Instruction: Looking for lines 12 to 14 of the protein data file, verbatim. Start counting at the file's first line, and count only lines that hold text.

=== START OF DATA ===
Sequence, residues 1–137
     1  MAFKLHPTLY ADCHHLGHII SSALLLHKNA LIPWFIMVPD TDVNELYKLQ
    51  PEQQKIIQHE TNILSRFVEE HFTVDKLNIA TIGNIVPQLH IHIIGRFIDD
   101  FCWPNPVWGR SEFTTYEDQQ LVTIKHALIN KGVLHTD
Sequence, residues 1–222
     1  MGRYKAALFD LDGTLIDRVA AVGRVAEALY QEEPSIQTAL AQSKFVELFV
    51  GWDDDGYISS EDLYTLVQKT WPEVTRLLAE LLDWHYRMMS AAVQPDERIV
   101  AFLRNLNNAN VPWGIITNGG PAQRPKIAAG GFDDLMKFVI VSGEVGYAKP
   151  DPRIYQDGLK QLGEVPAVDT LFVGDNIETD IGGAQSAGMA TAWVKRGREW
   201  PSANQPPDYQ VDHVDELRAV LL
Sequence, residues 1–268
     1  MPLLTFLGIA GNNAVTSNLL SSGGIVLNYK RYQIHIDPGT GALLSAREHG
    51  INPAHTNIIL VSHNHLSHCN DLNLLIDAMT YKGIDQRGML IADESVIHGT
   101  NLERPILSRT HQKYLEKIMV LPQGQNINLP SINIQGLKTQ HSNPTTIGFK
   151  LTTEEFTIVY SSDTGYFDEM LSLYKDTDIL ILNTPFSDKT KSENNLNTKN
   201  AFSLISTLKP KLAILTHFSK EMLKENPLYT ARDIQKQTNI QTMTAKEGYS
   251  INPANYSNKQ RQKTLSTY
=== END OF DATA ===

     1  MPLLTFLGIA GNNAVTSNLL SSGGIVLNYK RYQIHIDPGT GALLSAREHG
    51  INPAHTNIIL VSHNHLSHCN DLNLLIDAMT YKGIDQRGML IADESVIHGT
   101  NLERPILSRT HQKYLEKIMV LPQGQNINLP SINIQGLKTQ HSNPTTIGFK